1) Organizational culture: Make sure there is an identifiable brand for the program within your corporate culture by generating a quirky theme and including employees in the development and implementation. Create a community around that brand and have it encompass all demographics, cultures and lifestyles. Most importantly, make wellness a fun component of your company by providing incentives and support while highlighting achievements. It does not have to be costly. A high-five or handwritten note goes a long way.
2) Biometric screenings and chronic disease management: Improve the health of your employees and members, and reduce the severity of claims. If you host biometric screenings and incentivize your employees and their spouses to participate, there is a good chance you can impact the severity of future claims. For example, you may identify someone with high cholesterol and partially clogged arteries. That employee/spouse may require a coronary stent, which can be a low-cost procedure as opposed to open-heart surgery if it went undetected.
3) Stress management: Work-related stress can lead to increased absenteeism, high turnover and decreased productivity and performance. Senior living communities can help to manage and reduce work-related stress by establishing an employee recognition program for work performance and finding opportunities for career development, as well as by providing stress management training, on-site meditation rooms and employee assistance programs. Last but not least, look for ways to improve working conditions within your organization.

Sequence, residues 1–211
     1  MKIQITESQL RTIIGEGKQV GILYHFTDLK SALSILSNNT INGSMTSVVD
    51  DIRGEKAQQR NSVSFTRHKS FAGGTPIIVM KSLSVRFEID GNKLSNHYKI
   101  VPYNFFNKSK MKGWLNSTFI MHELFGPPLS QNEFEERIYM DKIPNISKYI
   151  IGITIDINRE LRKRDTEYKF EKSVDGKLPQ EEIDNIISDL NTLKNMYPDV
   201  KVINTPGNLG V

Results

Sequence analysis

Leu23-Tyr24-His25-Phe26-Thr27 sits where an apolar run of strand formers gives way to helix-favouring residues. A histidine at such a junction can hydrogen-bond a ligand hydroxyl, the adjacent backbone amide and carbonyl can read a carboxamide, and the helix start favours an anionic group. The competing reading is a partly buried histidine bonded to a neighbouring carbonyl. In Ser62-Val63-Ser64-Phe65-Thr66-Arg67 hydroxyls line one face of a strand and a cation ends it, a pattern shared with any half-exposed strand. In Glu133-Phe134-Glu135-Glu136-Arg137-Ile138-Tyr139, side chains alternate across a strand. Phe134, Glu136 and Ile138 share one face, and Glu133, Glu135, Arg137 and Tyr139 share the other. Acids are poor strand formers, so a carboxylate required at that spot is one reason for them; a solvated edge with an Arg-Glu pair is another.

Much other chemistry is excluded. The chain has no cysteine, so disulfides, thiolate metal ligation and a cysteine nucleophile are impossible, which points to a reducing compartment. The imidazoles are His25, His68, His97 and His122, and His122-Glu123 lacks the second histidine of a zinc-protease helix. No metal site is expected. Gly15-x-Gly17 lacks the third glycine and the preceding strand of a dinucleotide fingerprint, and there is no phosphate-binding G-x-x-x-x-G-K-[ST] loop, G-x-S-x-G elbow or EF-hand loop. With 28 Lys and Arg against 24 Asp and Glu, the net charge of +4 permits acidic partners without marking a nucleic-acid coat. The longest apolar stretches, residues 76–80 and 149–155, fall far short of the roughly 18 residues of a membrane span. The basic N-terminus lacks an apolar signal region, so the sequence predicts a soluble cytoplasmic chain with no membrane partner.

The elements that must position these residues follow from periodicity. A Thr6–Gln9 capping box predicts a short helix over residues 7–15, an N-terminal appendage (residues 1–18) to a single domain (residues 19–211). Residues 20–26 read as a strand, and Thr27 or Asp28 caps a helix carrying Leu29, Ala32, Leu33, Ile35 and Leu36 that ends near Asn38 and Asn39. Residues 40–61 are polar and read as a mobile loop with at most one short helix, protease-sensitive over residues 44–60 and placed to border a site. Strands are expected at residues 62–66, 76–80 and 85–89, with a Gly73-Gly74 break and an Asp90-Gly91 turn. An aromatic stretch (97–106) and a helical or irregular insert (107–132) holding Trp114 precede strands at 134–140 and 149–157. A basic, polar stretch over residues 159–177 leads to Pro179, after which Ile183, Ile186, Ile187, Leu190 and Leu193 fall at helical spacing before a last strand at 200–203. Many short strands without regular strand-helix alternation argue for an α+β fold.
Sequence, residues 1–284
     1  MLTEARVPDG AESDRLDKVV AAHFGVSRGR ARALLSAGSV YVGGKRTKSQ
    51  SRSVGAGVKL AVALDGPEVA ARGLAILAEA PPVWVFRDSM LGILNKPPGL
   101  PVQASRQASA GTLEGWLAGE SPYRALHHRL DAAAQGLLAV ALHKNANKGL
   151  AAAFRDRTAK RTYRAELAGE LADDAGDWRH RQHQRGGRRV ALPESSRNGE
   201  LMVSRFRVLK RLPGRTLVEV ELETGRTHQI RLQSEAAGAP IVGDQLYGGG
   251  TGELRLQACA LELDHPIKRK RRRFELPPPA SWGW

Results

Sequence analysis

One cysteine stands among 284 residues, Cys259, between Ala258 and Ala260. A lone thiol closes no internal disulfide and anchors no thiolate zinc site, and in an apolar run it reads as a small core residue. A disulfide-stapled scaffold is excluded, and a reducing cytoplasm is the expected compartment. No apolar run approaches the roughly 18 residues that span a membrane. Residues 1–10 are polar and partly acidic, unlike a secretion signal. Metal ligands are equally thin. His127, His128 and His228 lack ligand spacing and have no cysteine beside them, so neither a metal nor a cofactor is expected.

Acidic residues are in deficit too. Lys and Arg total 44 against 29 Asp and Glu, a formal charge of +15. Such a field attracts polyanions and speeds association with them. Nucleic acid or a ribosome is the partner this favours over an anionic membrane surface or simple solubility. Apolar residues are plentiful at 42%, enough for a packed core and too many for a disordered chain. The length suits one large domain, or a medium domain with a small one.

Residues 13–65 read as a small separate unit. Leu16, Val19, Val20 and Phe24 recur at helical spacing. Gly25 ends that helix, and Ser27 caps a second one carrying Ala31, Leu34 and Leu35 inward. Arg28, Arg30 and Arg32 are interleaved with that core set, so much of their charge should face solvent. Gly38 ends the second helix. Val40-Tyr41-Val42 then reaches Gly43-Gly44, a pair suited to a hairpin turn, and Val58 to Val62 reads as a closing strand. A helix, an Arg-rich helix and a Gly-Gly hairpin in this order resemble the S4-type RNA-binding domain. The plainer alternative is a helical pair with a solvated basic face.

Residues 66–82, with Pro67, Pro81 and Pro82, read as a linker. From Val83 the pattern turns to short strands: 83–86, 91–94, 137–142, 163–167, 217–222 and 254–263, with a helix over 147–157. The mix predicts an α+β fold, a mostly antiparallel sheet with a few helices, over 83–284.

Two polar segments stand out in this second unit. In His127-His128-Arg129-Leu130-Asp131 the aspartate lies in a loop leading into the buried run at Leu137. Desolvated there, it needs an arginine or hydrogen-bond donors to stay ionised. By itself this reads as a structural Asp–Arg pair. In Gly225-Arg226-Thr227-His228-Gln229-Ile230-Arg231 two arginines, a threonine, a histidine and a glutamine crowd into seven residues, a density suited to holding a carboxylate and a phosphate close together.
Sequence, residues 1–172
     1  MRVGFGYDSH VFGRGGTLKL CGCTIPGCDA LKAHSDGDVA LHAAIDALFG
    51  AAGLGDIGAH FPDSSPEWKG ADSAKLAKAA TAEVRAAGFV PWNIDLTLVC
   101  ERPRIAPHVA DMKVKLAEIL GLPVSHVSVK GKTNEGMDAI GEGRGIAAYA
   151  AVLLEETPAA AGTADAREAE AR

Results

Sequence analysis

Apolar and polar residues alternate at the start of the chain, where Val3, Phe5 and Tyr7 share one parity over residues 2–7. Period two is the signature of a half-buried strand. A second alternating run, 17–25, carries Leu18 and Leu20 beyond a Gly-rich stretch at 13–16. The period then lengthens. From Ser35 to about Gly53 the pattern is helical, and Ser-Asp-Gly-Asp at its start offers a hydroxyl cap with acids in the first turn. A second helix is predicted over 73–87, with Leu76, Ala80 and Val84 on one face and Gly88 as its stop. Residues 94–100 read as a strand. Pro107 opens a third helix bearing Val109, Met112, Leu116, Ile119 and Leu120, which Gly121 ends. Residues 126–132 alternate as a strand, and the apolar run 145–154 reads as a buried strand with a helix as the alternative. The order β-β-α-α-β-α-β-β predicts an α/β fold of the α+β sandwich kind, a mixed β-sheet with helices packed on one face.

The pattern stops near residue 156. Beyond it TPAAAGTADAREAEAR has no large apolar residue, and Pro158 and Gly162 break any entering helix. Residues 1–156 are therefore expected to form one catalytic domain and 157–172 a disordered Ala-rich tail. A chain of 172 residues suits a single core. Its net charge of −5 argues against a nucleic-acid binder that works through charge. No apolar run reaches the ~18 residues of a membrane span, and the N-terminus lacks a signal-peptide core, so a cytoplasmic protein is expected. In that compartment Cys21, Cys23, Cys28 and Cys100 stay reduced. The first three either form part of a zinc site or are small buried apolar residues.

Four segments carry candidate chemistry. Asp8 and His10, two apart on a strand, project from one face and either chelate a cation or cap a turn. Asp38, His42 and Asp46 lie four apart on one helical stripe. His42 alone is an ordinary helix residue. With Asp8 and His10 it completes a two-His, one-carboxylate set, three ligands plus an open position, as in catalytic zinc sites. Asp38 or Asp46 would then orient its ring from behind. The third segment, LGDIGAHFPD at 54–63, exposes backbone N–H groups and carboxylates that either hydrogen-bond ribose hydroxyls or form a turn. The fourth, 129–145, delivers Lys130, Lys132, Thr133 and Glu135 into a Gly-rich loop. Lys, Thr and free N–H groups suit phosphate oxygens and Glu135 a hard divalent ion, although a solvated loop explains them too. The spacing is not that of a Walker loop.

4) Ergonomically appropriate physical environment: Typically, aches and pains are caused by physical stress due to prolonged and awkward positions, repetitive motions and overuse. Provide helpful tips that promote good posture and correct ergonomics. Share suggestions with your employees to improve their comfort levels and minimize risk of injury.
5) Health education: When communicating about employee benefits and wellness programs, think through who you are actually communicating with. Your workforce could span four different generations, with each age group having its own unique information-processing style. This requires a thoughtful approach to your communications.
Proceed with legal caution
There is a lot you can do to create a holistic and more personalized wellness program. However, it is important to note that company-
sponsored wellness programs must be carefully structured to comply with state and federal law. Common issues that can arise include: reasonable accommodation, nondiscrimination, confidentiality and protection of off-duty conduct. It is essential to enlist a trusted resource who will stay on the front lines to ensure your wellness program is compliant.
The good news is there are plenty of resources out there. This includes your employee benefits broker, who can provide ideas, resources and information on state and federal laws.
The idea of workplace wellness is not new. According to the Wellness Council of America, more than 81 percent of businesses with 50 or more employees have some form of health promotion program to help offset the rising costs of healthcare. Now, the trick is to bring that wellness program to a more holistic and personal level.
Expressing a commitment to your employees’ health can improve their morale and strengthen retention. Employees who experience these positive changes will often feel more loyalty to the company and be more grateful for the company’s commitment to their health.
It is time to jump on the personalized wellness bandwagon.
Marty Butler is senior vice president and practice leader for Assurance’s senior living and nonprofit divisions. She has held many different roles within the insurance industry, including claim handling, underwriting, accounting, marketing, client services and sales.